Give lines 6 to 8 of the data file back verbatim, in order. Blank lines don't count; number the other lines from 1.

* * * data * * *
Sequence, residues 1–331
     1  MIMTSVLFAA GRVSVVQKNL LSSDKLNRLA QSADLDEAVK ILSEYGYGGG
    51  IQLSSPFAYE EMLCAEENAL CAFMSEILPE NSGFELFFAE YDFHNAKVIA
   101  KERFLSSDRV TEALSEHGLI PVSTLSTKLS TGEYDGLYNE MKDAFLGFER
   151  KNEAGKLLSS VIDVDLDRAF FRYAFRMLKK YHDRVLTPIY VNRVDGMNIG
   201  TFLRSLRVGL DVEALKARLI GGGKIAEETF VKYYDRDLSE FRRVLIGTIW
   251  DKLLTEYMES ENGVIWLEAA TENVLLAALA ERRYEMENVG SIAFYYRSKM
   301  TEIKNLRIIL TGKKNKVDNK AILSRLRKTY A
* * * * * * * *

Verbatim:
   201  TFLRSLRVGL DVEALKARLI GGGKIAEETF VKYYDRDLSE FRRVLIGTIW
   251  DKLLTEYMES ENGVIWLEAA TENVLLAALA ERRYEMENVG SIAFYYRSKM
   301  TEIKNLRIIL TGKKNKVDNK AILSRLRKTY A